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Proposed changes to law on unfair dismissal

31st October 2011

During the Conservative Party conference the Chancellor, George Osborne, announced a couple of significant changes to the law on unfair dismissal. 

The first change is an extension to the qualifying period of employment that an employee has to work before being protected against unfair dismissal from 1 year to 2 years. It has been proposed that this change will take effect in April 2012. This would be taking the position to the way it had been before 1999. The Government claims that the increase in the qualifying period of employment from 1 year to 2 years would have the effect of reducing the number of claims of unfair dismissal each year by approximately 2,000.

The second change announced is the introduction of fees for Claimants in the Employment Tribunal. At the moment there is no fee charged on issuing a claim in the Employment Tribunal. The balancing postition here is the fact that each side (including the Claimant) is expected to have to pay any legal costs they incur in the proceedings, whether they win or lose the case (the Tribunal does have the power to make costs orders, but they are still very much the exception to the rule). Initial suggestions are that there should be a fee of £250 when starting the claim, a further fee of £1,000 when the case is listed, with fees being refunded if the Claimant wins the case, and forfeited if the Claimant loses. The propsal is that the fees be introduced in April 2013.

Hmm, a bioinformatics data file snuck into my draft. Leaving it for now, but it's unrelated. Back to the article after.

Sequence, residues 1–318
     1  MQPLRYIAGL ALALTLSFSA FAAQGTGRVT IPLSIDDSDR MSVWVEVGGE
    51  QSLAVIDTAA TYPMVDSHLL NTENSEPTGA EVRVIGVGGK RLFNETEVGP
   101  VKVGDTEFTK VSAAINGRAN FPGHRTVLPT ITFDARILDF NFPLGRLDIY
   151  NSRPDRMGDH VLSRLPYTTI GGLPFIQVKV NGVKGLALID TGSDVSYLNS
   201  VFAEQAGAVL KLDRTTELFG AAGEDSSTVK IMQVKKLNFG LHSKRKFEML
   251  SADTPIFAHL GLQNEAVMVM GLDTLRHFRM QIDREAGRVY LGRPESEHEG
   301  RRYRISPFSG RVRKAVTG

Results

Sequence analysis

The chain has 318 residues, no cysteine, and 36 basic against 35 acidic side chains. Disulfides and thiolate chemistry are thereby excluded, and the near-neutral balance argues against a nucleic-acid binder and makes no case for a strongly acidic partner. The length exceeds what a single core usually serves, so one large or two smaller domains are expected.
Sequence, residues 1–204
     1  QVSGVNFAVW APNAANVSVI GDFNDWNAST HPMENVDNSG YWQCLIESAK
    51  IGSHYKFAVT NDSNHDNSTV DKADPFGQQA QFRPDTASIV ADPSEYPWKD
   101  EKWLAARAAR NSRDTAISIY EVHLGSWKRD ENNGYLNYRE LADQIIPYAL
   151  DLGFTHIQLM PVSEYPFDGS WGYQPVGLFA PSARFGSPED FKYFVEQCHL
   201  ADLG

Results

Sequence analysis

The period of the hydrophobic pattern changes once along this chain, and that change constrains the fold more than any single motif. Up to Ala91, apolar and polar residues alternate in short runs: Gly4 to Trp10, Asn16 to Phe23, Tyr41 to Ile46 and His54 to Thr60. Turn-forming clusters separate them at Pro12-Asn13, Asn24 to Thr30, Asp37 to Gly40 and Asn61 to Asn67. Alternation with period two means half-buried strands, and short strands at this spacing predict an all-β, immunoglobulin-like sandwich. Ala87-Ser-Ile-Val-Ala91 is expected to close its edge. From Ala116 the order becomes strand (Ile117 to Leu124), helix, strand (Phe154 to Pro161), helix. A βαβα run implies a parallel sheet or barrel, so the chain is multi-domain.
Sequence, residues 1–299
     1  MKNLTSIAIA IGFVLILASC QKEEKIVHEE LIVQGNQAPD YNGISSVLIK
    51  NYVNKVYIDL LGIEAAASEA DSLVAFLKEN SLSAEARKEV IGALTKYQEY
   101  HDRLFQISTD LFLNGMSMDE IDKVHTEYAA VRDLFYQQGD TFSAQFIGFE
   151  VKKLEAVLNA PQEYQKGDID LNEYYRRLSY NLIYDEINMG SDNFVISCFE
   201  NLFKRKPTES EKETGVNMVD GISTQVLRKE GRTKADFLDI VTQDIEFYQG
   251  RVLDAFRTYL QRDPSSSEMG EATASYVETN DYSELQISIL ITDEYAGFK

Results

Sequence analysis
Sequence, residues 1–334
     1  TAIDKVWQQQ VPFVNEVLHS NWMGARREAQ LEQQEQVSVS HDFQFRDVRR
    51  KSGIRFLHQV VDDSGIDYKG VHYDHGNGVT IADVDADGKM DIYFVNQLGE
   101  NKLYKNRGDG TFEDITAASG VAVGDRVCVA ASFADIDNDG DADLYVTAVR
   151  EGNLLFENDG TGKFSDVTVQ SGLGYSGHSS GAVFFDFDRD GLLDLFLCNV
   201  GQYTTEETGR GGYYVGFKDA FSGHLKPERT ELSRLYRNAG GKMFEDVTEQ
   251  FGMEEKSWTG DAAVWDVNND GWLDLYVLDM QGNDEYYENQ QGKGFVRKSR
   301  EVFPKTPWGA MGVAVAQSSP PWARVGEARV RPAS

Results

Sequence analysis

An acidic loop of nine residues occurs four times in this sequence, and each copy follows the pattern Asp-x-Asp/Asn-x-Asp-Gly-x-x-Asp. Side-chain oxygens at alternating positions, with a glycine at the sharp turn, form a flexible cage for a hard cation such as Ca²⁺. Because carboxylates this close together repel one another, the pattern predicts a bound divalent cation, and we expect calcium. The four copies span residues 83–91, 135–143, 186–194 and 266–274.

If these figures are implemented they will be much greater than the cost of issuing a claim in the Small Claims Court ( which does appear very difficult to justify). There is also the possibility that there will be fee exemptions if the Claimant has low income. The fact is of course that many Claimants have a very low income at the point they start a claim in the Employment Tribunal (obviious really when you consider that they are usually bringing a claim because they are out of work after having been dismissed!). Introducing a distinct fee on the case being set for a hearing will also oppresive if the Employment Tribunals continue their current approach of setting the case for a hearing almost immediately on receiving the Claim Form. This would mean that the real issue cost would be £1,250, rather than £250.

No doubt the Government thinks that these proposals will reduce the number of claims to the Employment Tribunal. However we suspect that this is a simplistic assessment. Firstly on the subject of the qualifying period for unfair dismissal  this change is likely to result in an increase in the number of claims of unlawful discrimination (for which there is no qualifying period of employment required before the individual is able to bring such a claim). It should also be noted that the relative proportion of claims of unfair dismissal by employees with between 1 and 2 years service is low. We also take the view that one effect of introducing issuing fees in the Tribunal will be an increase in the number of applications for and granting of costs orders. We also believe that these changes will make it even harder than normal to achieve a settlement of a claim, as the Claimant will always try to recover the issuing fee (and any other fee) within the settlement; thereby increasing the settlement costs incurred by the former employer.  

Hallett Employment Law Services Ltd can provide you with advice on the practical effect of the issues raised in this article.         

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